Is there anything else that people can learn from your book that is life and health changing?

Because many of those who are taught pelvic exercises do not really understand how to put their pelvic knowhow and conditioning to real life use, my ultimate goal is to teach functional pelvic fitness—practical and actionable means of applying pelvic exercise proficiency to daily tasks and common everyday activities to improve quality of life.  I call this “Kegels-on-demand.”

Can you incorporate pelvic floor exercises with masturbation?

During masturbation, with every stroke applied to the penis or clitoris, there is a reflex contraction of the pelvic muscles (a.k.a. bulbocavernosus reflex).  With each contraction of the pelvic muscles, the internal parts of the penis and clitoris (roots) are compressed, pushing blood back into the external parts, increasing penile and clitoral blood pressure, engorgement and rigidity. This happens reflexively and without effort. It can be enhanced by consciously contracting the pelvic floor muscles, not only during the act of masturbation, but also at the time of climax, when the pelvic muscles contract involuntarily in a rhythmic fashion and provide the muscle power behind the physical aspect of an orgasm.

More Toys For Masturbation Month

As National Masturbation Month winds down, you might be tempted to touch yourself less.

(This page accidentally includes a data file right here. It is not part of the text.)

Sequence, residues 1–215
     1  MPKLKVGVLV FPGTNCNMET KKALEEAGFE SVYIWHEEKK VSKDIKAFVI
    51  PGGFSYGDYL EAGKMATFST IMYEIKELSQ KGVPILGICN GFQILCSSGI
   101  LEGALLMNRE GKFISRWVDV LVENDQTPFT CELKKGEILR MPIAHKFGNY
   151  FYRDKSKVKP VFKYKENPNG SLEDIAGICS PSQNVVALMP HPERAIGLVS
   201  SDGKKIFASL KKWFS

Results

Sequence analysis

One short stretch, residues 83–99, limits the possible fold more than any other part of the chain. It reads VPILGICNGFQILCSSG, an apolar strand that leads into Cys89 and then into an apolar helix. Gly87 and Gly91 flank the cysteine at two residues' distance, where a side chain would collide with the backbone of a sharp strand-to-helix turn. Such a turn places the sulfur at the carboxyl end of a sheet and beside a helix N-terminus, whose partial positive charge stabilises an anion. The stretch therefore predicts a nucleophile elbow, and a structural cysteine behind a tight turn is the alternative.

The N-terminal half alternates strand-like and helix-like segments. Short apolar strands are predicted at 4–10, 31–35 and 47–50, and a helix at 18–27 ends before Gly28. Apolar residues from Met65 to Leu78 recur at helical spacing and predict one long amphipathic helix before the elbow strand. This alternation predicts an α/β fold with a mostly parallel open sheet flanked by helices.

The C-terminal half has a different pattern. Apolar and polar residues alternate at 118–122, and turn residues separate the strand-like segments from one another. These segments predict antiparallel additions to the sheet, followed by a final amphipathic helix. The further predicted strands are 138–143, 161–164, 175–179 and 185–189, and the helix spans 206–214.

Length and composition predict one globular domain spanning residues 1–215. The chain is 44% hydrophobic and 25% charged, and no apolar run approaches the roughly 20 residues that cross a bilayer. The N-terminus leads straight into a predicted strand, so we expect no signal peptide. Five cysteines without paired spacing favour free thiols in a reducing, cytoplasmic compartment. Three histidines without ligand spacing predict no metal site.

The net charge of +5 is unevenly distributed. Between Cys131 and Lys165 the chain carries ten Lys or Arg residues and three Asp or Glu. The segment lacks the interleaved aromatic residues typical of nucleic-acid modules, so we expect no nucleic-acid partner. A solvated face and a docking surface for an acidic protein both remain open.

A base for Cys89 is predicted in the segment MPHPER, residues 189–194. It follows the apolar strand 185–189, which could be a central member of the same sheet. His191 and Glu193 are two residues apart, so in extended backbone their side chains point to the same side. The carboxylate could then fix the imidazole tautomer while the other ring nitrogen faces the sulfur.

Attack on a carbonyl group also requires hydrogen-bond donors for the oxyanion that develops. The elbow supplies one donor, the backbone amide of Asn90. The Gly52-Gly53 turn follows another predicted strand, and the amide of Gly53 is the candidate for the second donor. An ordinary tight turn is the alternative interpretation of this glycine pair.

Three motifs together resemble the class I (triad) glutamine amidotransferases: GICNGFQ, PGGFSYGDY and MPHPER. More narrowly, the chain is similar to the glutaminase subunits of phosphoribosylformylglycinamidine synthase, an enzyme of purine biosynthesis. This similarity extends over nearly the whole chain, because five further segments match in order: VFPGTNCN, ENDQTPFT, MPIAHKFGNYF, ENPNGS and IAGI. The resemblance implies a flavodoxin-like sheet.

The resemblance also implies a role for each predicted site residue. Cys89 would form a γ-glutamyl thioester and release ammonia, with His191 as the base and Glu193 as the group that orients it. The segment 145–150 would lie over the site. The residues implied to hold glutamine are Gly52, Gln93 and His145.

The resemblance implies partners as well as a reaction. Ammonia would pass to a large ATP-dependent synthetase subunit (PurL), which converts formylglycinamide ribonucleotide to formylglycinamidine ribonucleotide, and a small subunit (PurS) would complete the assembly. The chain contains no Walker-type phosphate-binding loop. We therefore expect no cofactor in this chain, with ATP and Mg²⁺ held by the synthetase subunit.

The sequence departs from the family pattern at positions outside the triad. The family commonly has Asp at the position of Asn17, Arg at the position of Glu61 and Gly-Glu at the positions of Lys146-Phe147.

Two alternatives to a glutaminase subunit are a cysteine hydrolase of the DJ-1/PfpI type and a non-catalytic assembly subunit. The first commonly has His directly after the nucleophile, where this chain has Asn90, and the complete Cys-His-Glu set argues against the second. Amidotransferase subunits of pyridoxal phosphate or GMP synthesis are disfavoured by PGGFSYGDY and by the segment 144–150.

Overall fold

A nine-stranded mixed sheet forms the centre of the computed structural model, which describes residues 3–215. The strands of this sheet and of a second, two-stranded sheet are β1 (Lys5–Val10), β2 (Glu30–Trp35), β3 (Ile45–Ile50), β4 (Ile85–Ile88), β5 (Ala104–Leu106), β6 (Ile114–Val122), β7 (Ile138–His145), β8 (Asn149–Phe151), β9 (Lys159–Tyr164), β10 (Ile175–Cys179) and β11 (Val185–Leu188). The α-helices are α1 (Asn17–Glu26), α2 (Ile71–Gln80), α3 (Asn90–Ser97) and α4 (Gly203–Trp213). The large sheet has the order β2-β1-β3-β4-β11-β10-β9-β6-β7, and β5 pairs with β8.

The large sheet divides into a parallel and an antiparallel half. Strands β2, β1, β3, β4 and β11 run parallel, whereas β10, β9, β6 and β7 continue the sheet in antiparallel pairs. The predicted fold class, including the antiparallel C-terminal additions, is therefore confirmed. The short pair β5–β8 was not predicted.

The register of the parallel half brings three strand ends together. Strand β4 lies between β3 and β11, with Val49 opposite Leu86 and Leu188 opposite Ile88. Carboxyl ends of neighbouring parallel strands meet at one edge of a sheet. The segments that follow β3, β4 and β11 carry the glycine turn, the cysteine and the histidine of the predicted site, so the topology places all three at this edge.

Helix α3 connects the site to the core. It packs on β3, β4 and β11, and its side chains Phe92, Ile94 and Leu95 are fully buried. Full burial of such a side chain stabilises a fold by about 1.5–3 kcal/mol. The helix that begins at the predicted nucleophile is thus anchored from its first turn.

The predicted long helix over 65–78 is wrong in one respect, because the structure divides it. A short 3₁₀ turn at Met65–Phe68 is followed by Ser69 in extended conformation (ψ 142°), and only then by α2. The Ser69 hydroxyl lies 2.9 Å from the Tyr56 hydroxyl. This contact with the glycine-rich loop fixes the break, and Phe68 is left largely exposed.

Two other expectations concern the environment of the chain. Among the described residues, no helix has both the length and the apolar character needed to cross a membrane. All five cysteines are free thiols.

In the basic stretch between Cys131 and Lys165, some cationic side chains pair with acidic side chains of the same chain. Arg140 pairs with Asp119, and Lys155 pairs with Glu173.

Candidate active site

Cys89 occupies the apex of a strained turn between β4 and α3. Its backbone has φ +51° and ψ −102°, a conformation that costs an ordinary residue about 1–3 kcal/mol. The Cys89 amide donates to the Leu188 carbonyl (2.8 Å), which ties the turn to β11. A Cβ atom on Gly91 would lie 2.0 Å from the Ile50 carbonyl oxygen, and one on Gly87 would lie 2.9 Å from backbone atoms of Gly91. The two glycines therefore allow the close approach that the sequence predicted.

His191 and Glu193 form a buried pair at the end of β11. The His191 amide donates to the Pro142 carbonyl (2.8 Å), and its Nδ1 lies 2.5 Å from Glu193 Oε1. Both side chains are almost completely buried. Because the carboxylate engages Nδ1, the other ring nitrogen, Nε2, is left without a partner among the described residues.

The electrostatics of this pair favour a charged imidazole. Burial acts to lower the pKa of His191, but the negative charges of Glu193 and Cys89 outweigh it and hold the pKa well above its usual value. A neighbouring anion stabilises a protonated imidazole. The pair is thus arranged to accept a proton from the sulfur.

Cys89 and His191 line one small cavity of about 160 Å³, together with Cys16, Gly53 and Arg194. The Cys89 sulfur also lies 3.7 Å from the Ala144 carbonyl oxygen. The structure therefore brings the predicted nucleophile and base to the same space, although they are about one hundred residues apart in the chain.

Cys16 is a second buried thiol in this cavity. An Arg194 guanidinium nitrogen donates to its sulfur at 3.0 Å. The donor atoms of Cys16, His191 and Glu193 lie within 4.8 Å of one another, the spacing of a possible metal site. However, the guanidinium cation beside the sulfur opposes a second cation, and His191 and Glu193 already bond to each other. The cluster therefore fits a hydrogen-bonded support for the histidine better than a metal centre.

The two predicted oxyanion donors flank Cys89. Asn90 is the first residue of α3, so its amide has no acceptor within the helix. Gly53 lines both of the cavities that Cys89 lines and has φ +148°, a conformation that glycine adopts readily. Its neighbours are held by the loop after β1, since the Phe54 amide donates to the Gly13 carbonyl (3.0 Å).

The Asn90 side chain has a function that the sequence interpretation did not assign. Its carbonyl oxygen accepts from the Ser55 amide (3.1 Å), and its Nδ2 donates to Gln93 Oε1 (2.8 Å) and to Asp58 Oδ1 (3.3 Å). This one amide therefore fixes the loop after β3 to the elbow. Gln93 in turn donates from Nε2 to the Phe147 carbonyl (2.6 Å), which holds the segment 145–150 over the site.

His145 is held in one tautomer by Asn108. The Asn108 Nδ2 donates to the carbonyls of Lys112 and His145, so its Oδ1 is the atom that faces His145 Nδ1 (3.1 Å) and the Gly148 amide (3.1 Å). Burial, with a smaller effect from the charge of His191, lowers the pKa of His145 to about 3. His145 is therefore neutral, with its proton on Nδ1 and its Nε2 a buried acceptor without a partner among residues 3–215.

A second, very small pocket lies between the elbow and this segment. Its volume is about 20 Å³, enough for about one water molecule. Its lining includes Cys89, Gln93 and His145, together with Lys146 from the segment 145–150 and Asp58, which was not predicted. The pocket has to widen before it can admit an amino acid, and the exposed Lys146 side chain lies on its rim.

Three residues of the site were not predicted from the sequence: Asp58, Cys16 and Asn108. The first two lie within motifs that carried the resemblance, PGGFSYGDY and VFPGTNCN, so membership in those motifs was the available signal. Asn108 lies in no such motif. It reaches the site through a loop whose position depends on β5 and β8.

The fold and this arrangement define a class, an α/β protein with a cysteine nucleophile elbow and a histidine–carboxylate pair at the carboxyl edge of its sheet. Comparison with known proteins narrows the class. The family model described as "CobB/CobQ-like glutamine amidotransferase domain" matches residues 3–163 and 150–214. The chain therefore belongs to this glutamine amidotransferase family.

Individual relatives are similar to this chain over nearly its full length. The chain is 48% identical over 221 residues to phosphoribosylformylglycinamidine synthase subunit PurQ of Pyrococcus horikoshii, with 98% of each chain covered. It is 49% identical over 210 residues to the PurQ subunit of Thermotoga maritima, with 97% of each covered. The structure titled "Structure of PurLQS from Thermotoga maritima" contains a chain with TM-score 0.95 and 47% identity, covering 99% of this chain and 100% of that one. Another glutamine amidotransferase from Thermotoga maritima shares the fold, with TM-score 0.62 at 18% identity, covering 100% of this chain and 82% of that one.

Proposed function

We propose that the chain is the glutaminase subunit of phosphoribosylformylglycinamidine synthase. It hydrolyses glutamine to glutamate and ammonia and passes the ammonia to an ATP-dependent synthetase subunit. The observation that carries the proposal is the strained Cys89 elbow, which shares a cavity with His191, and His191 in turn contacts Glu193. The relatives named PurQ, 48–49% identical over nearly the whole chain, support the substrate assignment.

Don’t stop.

You might think now is a good time to submit to hibernation with just one toy.


Do you really need to get completely naked?


Touch yourself totally?


Treat yourself to something new?


I had such fun celebrating masturbation at last weekend’s Taboo Brunch, I thought I’d detail some of my talk here. If you skipped the brunch, you missed out on exclusive content such as biased poll results, accidental puns, and me waving uncut dildos in the air. I’ll give you a peek at my main point, though:

You not only deserve masturbation, you deserve GOOD masturbation.


I often refer to masturbation as “self love.” Partly, I call it that because they don’t let me say “rub one out” on the radio. But also, touching yourself can and should be an expression of love. Your body is beautiful. It deserves to be caressed. And you deserve to caress it.